Canadian Anthropology Society (CASCA)
Volunteered - Oral Presentation Session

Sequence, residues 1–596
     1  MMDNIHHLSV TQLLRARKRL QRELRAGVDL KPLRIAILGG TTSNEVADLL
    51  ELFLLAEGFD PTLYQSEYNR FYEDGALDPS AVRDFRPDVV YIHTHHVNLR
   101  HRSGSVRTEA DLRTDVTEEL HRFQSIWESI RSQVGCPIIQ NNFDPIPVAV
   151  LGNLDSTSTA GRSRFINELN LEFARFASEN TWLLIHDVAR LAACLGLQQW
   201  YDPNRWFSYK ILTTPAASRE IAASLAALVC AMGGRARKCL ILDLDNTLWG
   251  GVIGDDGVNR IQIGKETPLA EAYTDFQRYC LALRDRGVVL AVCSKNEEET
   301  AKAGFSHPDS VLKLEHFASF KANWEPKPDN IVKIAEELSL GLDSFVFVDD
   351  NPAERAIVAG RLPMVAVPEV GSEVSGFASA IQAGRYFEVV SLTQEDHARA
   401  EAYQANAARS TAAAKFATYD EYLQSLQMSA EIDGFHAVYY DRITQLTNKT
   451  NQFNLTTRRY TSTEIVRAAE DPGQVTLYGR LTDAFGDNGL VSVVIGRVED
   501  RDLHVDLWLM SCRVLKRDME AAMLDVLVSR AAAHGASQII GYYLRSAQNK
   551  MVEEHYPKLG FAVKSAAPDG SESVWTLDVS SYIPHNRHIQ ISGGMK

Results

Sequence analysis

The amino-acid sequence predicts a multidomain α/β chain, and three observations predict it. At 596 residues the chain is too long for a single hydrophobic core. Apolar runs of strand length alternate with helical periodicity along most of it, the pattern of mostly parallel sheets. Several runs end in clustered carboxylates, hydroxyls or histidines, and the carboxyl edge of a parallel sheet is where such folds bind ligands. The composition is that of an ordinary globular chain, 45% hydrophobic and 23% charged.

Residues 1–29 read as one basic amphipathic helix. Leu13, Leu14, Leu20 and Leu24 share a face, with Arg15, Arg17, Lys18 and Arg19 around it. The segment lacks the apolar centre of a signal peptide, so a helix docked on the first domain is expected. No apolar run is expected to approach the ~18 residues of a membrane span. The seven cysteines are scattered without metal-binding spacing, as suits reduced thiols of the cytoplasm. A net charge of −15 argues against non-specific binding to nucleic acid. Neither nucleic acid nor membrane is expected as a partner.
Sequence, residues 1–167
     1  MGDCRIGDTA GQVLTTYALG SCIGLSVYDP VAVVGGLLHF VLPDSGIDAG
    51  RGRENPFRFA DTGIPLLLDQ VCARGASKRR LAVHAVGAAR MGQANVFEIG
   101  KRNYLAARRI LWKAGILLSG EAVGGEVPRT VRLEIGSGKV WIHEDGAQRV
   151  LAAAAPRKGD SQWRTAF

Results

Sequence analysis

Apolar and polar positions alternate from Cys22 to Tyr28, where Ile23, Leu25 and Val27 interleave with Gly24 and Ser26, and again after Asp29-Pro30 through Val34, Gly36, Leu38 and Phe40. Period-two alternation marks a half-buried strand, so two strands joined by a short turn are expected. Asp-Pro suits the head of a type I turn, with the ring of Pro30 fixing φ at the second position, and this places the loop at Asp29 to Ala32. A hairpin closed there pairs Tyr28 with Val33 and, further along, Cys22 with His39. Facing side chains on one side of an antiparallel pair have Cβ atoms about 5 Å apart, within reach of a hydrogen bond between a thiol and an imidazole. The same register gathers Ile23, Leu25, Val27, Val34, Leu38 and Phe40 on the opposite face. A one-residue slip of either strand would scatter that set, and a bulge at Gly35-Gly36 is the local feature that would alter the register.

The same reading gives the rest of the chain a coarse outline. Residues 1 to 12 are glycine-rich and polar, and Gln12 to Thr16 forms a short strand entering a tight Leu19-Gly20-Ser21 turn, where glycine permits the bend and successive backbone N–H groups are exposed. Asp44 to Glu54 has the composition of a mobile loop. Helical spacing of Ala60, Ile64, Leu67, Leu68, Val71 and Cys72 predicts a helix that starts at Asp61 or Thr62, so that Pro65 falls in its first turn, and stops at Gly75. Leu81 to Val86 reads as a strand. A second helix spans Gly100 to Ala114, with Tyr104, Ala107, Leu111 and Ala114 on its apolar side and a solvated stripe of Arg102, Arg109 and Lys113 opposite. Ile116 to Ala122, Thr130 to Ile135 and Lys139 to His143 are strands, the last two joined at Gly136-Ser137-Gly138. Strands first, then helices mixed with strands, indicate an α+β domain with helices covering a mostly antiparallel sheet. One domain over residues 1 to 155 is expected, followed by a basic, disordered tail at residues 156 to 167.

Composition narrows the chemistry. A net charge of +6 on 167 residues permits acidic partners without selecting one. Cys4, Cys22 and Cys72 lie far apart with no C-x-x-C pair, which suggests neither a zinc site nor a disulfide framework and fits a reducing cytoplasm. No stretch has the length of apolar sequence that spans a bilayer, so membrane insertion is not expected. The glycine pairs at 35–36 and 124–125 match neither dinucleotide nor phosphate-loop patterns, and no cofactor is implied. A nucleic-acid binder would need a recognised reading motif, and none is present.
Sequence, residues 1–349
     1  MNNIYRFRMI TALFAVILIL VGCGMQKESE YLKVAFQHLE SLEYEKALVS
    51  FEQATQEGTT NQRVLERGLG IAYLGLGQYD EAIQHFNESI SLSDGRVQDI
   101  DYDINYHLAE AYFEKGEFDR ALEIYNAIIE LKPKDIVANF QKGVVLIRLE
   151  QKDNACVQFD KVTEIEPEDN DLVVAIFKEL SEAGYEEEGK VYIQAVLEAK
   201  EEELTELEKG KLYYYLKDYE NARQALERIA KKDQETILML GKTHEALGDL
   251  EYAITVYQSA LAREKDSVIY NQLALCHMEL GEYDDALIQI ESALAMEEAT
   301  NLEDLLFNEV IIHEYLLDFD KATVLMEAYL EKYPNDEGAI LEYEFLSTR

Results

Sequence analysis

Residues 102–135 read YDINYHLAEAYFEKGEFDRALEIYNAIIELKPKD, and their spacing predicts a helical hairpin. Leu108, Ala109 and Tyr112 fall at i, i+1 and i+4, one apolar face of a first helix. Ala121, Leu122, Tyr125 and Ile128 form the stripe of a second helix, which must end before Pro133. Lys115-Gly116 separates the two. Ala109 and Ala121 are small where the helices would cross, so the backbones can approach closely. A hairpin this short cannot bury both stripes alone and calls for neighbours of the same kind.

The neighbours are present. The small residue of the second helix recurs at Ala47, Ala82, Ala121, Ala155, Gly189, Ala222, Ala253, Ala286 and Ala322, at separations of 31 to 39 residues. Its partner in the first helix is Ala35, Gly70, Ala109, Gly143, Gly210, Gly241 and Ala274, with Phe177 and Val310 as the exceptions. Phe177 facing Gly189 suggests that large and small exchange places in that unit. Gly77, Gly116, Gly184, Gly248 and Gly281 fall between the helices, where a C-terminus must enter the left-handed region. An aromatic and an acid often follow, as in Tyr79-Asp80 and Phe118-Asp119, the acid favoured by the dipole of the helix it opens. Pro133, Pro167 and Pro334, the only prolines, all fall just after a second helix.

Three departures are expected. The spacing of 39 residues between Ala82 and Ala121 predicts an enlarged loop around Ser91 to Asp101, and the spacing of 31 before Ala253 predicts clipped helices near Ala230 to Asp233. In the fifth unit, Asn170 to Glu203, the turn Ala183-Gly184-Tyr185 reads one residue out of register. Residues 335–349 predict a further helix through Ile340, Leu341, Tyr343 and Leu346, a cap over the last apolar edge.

Since China’s 1978 reforms, involved in the rapid urbanization, the ancient neighborhoods in heart of Beijing have experienced dramatic changes in social and spatial terms. Bordering the Forbidden City, Nanluoguxiang is one such inner city neighborhood. Comprised of many hutong (lanes) and siheyuan (courtyards), Nanluoguxiang neighborhood was declared a municipal heritage sector in 1990. Since then, specific heritage policies focused on the restitution of historical architectures, the growth of tourism and urban renewal programs have been strongly endorsed by the municipal government and have brought about rapid transformation in the neighborhood. Drawing upon 11 months of ethnographic fieldwork including participant observation and conversational interviews, using the conceptual entry points of resistance and agency, I reveal a variety of tactics that permanent residents living in Nanluoguxiang neighborhood employ to cope with the restructuring of local spaces driven by State. In particularly, their resistance and struggle for negotiating livelihoods pass through claiming and rebuilding a collective local identity based on a creative authenticity rooted in their nostalgia for the good old days. On the one hand, they performed this rebuilt identity in an instrumentalist way to gain access to trade space and consolidate social networks. On the other hand, they incorporated in the identity building the standardized image of local culture proposed by State’s heritage policy and promoted by tourism. Finally, their awareness of individuality has grown up in their perpetual negotiations with the State.